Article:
SolvoMediocris : An Example Of Using Shiny For Interactive Security Data Analysis

By Bob Rudis (@hrbrmstr)
Sat 18 January 2014 | tags: shiny, R, -- (permalink)

An innocent thread on the SIRA mailing list begat a detailed explanation by Jay which begat a comment with a link to a gist by David Severski that had an equally innocent comment:

# extending to UI framework of your choice is left as an exercise for the reader

(see Jay’s post & David’s gist for complete context)

In a nutshell, David made a great R simulation of a FAIR risk analysis. So great, in fact, that it was really straightforward to turn it into a Shiny app. To quote from their site: “Shiny makes it super simple for R users like you to turn analyses into interactive web applications that anyone can use.”

Readers will no doubt be seeing many Shiny apps from DDS over the coming months/years. I will refrain from duplicating content in the extremely helpful Shiny tutorial series, so you should head over there and read through that first before continuing here.

In their most basic form, Shiny apps are defined by a user interface component : ui.R : and a back-end processing component : server.R (once you dig into Shiny, you’ll see what a gross over-simplification that truly is). David’s code was in almost perfect form for the server-component, and it was relatively straightforward to make a basic user-interface for it. But, a picture is worth a thousand words: (you can click on the image to go right to the DDS SolvoMediocris Shiny app).

The interface is extremely dynamic (i.e. whenever any value changes, the risk simulation is re-run). Extending it to add a button for running the simulation is an exercise left for the reader (I hacked this out really quickly).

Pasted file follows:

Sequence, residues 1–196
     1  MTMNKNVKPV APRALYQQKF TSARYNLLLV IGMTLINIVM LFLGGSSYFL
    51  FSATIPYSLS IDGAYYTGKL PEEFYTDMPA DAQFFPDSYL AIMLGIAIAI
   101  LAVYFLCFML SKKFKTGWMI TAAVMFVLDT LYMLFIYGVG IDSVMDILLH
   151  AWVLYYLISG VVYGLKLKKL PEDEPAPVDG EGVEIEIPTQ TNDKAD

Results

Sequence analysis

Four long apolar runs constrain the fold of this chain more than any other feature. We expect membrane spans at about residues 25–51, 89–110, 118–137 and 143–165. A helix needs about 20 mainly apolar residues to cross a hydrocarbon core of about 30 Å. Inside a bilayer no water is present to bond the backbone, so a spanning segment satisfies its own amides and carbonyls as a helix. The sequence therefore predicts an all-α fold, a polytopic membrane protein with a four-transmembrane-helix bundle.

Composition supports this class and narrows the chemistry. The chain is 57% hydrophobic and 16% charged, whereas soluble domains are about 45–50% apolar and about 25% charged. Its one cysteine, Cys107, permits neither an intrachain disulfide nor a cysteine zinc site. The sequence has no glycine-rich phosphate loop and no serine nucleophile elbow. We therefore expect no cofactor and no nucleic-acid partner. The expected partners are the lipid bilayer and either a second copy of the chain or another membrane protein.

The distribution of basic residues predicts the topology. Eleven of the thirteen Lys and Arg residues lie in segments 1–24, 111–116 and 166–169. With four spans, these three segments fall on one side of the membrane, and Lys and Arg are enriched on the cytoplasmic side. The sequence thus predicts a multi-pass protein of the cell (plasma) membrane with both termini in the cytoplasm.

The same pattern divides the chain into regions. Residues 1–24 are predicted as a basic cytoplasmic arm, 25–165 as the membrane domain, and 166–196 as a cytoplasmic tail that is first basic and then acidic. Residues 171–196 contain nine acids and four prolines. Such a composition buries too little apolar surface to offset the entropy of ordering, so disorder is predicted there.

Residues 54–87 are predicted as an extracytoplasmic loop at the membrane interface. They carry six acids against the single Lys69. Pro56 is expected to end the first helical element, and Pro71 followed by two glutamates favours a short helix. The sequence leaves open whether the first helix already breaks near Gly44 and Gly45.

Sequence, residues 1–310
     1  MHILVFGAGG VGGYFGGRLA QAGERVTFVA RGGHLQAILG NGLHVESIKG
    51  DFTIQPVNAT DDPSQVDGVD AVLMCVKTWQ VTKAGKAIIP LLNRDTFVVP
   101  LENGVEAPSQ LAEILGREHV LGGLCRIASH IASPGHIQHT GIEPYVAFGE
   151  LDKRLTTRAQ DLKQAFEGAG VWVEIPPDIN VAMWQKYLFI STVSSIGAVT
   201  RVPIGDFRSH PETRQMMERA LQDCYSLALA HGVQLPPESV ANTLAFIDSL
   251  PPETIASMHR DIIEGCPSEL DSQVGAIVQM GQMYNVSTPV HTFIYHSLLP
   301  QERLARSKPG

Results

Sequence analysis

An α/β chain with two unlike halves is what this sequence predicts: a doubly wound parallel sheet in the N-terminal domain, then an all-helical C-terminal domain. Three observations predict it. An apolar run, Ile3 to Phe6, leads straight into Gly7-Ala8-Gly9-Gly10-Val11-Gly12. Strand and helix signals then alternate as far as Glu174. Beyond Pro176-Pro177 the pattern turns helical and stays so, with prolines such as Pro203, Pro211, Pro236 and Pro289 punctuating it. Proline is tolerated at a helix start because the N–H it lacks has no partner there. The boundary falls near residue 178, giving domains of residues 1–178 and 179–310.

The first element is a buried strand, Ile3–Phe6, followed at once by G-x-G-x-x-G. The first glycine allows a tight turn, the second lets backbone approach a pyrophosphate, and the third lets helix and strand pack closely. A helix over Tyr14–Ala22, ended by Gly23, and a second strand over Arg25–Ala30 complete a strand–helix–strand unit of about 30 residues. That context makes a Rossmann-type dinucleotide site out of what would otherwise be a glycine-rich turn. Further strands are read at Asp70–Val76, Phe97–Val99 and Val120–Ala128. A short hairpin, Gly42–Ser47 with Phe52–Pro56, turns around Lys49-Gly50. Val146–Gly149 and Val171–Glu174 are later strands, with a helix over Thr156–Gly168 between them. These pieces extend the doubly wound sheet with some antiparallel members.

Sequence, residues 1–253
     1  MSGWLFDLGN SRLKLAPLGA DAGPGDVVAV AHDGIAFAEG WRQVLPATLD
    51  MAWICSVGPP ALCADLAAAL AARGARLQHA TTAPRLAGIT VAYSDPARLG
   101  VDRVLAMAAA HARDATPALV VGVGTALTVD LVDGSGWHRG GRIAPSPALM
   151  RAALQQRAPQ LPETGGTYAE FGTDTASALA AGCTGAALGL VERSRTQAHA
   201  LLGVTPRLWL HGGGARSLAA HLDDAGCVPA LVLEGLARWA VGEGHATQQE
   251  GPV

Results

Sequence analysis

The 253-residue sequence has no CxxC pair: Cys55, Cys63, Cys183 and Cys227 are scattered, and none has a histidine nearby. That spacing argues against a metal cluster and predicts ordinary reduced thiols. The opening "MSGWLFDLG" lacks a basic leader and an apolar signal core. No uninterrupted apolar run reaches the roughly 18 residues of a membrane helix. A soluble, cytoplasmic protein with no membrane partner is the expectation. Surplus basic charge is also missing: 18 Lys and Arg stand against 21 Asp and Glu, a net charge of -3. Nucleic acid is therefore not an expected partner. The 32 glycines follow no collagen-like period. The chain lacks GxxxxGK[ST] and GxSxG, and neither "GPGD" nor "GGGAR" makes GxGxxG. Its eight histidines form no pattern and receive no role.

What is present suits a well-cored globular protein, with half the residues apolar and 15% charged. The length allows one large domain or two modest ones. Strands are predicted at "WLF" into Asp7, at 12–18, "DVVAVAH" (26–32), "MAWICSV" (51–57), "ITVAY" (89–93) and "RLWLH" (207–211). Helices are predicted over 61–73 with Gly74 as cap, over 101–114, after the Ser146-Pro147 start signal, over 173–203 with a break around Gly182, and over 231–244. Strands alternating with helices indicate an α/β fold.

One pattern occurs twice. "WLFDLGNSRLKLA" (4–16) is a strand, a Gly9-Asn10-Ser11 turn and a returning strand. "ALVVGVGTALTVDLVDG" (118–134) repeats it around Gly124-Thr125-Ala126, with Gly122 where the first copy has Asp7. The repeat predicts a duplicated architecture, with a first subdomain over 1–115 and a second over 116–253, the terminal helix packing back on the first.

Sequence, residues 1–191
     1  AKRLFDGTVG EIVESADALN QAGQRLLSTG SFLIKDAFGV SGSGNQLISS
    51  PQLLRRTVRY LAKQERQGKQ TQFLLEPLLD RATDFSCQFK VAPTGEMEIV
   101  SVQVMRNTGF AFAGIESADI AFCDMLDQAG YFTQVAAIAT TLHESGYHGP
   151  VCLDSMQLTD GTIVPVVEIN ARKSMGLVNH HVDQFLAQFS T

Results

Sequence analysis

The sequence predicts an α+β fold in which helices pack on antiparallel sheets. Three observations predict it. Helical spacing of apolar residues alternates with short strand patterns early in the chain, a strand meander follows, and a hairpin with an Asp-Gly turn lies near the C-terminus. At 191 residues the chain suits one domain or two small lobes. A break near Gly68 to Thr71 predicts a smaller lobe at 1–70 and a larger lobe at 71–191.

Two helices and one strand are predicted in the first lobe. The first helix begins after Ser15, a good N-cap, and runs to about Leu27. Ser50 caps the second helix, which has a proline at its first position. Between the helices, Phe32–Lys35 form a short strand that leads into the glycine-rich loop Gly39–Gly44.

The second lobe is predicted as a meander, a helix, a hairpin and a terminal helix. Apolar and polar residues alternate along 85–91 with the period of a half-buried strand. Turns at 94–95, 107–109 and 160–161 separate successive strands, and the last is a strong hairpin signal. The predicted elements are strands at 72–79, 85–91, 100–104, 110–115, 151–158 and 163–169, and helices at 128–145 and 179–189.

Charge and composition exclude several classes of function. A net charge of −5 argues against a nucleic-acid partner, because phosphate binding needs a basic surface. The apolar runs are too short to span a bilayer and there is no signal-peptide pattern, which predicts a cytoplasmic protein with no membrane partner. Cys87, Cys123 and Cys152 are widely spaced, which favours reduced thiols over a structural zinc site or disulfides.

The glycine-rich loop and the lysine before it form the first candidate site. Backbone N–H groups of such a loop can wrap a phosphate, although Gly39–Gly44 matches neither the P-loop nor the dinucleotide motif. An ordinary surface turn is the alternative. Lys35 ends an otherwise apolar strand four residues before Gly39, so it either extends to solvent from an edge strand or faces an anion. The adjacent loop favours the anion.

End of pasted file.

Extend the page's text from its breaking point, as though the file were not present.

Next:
Here’s the ui.R code:

shinyUI(pageWithSidebar(

    headerPanel("SolvoMediocris"),

    sidebarPanel(

            tags$head(
        tags$style(type="text/css", "input { font-size:10px; width:40px; display:inline-block; }"),
        tags$style(type="text/css", "#lml, #lmml, #lmh, #lmconf { font-size:10px; width:100px; display:inline-block; }"),
        tags$style(type="text/css", "label { font-size:10px; display:inline-block; }")
            ),

            h4("Threat Event Frequency"),
        numericInput("tefl", "Min:", 10, min = 0, max = 100),
        numericInput("tefml", "ML:", 20, min = 0, max = 100),
        numericInput("tefh", "Max:", 100, min = 0, max = 100),
        numericInput("tefconf", "Conf:", 1, min = 1, max = 5),

            h4("Threat Capability"),
        numericInput("tcapl", "Min:", 20, min = 0, max = 100),
        numericInput("tcapml", "ML:", 30, min = 0, max = 100),
        numericInput("tcaph", "Max:", 70, min = 0, max = 100),
        numericInput("tcapconf", "Conf:", 1, min = 1, max = 5),

            h4("Control Strength"),
        numericInput("csl", "Min:", 40, min = 0, max = 100),
        numericInput("csml", "ML:", 50, min = 0, max = 100),
        numericInput("csh", "Max:", 60, min = 0, max = 100),
        numericInput("csconf", "Conf:", 2, min = 1, max = 5),

            h4("Loss Magnitude"),
        numericInput("lml", "Min:", 100, min = 0),
        numericInput("lmml", "ML:", 500, min = 0), br(),
        numericInput("lmh", "Max:", 10000, min = 0),
        numericInput("lmconf", "Conf:", 1, min = 1, max = 5), br(),